Workers say Eskom's incompetence and lack of political will regarding beneficiation, means SA is exporting its jobs and wealth to China.
When it comes to ruining its own economy, South Africa plays in the big leagues, with large factories and industrial operations being forced to close down by collapsing municipal services and the high price and unreliability of electricity.
Dairy giant Clover has recently announce its plans to close its biggest factory in North West, due to poor service delivery, and economist Mike Schussler believes the company is not the first, nor will it be the last to take such a drastic measure. He believes, however, that clear solutions are at the country’s fingertips.
Clover closed its cheese factory in Lichtenburg, North West – the largest in the country – due to ongoing poor service delivery by the Ditsobotla Local Municipality, leading to large losses due to long-standing water and electricity disruptions.
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“It is crazy that a whole factory had to close down because of service delivery. Believe me this is not the only city or town where it is happening. So now you have a situation where poor service delivery is linked to job losses,” he said.
Schussler was perplexed by what could be so difficult for the local government to get its house in order.
He said the country has had 13 years to sort out the load shedding crisis but nothing had been done, and instead, the steep price of electricity was making large operations such as mining smelters increasingly impossible to operate profitably.
“I am worried about the future of my country. Any businessman is in it to make money, not to rip off everybody, so he could pay their workers, shareholders and banks. With the high cost of electricity and unreliable power, it becomes more difficult to make money. I would have thought this would be fixed by now but no,” Schussler added.
Advocacy group Save SA Smelters has warned that about 80,000 more jobs are on the line in the coming months, as government continues to fail to implement a tax on the export of raw ore, as announced last year.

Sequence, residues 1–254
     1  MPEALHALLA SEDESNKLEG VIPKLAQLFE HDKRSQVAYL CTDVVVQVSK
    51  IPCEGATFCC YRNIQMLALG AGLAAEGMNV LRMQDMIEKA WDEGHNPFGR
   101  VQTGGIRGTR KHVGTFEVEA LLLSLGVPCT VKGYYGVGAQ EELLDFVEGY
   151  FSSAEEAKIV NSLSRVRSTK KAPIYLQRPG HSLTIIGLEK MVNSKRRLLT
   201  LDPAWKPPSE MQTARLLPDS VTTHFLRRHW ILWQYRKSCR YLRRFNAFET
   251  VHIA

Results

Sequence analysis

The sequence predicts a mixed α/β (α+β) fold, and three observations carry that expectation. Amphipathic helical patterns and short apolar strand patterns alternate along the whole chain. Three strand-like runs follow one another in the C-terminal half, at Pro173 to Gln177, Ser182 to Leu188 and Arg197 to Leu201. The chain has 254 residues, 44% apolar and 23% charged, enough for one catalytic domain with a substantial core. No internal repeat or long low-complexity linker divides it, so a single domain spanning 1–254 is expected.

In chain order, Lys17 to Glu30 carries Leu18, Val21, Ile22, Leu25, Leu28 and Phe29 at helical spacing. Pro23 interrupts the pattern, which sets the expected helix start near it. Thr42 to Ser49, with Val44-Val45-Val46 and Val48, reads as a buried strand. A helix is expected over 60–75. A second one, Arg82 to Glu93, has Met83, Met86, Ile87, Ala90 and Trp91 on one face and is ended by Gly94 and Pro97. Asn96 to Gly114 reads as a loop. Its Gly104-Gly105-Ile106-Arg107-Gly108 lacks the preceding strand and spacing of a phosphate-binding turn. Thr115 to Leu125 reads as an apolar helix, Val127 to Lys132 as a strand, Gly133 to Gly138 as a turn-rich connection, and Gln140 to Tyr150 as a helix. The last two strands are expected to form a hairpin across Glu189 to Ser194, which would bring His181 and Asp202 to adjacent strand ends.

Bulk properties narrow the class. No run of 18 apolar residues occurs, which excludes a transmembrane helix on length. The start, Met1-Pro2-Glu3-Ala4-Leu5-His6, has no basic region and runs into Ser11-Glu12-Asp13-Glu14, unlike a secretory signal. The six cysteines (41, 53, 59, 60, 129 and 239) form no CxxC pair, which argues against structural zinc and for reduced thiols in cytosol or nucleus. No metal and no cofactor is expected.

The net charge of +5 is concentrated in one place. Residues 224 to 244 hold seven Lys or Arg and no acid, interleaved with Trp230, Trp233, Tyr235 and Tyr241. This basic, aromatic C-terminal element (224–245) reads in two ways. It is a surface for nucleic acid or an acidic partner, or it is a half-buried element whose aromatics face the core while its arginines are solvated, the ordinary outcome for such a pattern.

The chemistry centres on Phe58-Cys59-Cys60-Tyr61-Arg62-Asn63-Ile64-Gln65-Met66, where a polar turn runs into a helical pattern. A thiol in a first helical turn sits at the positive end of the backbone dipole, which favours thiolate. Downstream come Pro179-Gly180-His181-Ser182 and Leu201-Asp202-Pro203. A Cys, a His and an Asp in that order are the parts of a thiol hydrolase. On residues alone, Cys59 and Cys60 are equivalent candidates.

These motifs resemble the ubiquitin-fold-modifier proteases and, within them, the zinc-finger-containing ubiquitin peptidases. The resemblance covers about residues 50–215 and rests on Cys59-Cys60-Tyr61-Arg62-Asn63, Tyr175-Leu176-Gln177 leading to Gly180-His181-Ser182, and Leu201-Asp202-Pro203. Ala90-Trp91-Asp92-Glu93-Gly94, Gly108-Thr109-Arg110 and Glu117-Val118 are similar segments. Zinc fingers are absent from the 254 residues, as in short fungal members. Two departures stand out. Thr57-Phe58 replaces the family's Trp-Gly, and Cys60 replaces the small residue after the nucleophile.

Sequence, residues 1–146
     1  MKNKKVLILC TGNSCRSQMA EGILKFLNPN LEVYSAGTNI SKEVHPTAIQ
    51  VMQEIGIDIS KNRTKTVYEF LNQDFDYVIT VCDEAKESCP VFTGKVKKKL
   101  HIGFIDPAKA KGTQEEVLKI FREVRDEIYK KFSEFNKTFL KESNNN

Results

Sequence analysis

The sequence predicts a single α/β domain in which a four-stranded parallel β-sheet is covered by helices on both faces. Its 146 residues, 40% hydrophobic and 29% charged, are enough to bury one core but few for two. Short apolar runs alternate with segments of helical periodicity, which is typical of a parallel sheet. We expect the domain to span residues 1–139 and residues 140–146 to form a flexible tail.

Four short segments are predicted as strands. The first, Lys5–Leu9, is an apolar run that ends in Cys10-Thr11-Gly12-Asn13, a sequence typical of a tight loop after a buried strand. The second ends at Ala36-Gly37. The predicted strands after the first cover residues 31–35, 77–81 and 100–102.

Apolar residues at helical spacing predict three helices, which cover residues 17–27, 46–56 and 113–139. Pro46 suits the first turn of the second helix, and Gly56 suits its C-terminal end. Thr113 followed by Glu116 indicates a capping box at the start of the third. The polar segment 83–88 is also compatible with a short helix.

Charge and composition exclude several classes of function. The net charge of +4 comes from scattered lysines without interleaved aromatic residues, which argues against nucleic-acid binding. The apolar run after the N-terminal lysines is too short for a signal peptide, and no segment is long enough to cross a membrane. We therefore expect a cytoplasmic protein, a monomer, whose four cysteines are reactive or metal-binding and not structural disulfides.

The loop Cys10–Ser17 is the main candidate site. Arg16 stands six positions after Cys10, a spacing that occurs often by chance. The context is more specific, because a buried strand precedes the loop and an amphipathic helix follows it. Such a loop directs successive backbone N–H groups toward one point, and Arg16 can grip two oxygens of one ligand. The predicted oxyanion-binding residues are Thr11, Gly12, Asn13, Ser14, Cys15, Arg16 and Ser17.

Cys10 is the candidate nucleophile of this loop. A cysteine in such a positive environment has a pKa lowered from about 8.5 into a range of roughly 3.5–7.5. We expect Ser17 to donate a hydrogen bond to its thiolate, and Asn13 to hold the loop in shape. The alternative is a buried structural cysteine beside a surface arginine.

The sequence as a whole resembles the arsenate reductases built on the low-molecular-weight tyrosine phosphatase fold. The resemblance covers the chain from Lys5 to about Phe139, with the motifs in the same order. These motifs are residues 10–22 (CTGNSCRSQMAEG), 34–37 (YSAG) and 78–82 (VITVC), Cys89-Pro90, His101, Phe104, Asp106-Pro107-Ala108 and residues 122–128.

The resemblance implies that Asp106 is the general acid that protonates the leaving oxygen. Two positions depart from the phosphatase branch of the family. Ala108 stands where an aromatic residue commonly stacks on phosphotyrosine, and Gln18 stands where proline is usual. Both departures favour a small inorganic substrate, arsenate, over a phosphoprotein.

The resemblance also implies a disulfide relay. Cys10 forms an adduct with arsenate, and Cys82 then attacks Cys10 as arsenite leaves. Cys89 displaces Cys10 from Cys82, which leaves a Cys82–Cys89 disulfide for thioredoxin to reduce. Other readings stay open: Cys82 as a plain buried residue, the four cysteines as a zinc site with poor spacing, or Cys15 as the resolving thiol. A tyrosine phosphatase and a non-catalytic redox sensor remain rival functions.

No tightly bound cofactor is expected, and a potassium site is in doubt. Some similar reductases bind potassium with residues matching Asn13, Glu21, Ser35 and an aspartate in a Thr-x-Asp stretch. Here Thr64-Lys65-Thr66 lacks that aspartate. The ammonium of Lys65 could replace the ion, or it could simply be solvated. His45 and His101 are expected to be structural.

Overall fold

The group said in October, in his Economic Reconstruction and Recovery Plan, President Cyril Ramaphosa announced measures to support the domestic ferrochrome industry, including implementing a tax on the export of chrome ore, but to date nothing has been done.
Smelters use large amounts of electricity, making it unprofitable to operate them in the current reality of constant power cuts and steep electricity prices.
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According to the group’s co-convenor, Lindelani Nyathikazi, last year the Lydenburg and Meyerton smelters shut their operations, leading to thousands of job losses.
“The country faces the closure of even more smelters and even more retrenchments should it fail to act on this crisis in the sector,” he said.
The group said before 2012, South Africa was the biggest producer of ferrochrome and currently has 80% of the world’s chrome raw material.
Nyathikazi explained that China, which gets almost its entire raw chrome ore from SA, was today the largest supplier of ferrochrome, used to make stainless steel, to the world market.
“There has been no export duties on raw ore. The situation was that SA had the capacity to export ferrochrome because it could run the smelters profitably but with the energy crisis, these had to be mothballed. Now SA exports raw ore to China at no export tax. Basically SA is exporting jobs to China,” he said.
According to Nyathi, the introduction of tax on raw ore export would enable SA to restart her furnaces and export the finished product, save and create more jobs and provide a subsidy to Eskom.
“This will keep electricity prices low and encourage the entrance of independent power producers into the market, and in turn make load-shedding a thing of the past. While government dilly-dallies in introducing the tax, China is hoarding our raw ore as much they could,” he said.
Economist Lumkile Mondi said Ramaphosa and Cabinet were preoccupied with questions of power, accumulation and their institutional disdain for business and society.
He said the call for beneficiation, economic recovery and inclusion ring hollow because of cadre deployment across the state and public institutions which is part of accumulation through a patronage system that benefits this elite.
“With unemployment at 32.5% of the population, the collapsing road, rail, energy, health and telecommunications infrastructure, which is now destroying the mining, industrial and tourism sectors is of little concern for Ramaphosa, except through well written public relations speeches. How many ministers and bureaucrats can be suspended at full pay?
“What it would take for economic development and inclusion in SA is a political regime change, which the people of Nicaragua prioritised by voting them out in the face of a corrupt and incompetent Sandinista regime,” he said.
Mondi added that SA was sliding towards being a failed state, ruled by an incompetent, corrupt regime which was allowed to misgovern in a constitutional democracy.
The Department of Mineral Resources is yet to respond to questions sent to it regarding the calls by Save SA Smelters.